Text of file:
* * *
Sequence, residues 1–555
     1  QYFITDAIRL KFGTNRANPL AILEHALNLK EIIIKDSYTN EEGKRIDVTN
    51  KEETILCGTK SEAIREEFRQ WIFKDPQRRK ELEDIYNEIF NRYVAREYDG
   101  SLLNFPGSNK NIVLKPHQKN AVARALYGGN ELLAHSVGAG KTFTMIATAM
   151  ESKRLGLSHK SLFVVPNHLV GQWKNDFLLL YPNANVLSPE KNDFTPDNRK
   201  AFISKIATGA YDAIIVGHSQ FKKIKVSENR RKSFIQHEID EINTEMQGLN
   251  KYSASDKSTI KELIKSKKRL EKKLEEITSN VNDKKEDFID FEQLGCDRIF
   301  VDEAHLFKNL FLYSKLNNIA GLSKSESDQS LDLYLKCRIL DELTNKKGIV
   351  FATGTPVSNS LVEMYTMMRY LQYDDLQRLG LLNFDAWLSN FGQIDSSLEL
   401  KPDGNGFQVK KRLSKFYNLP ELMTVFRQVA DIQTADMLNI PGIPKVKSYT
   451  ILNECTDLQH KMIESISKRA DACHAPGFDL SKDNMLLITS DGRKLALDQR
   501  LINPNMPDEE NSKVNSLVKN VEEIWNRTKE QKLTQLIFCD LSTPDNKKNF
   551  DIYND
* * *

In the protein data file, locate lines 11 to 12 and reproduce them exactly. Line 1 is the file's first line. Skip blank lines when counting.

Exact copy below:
   451  ILNECTDLQH KMIESISKRA DACHAPGFDL SKDNMLLITS DGRKLALDQR
   501  LINPNMPDEE NSKVNSLVKN VEEIWNRTKE QKLTQLIFCD LSTPDNKKNF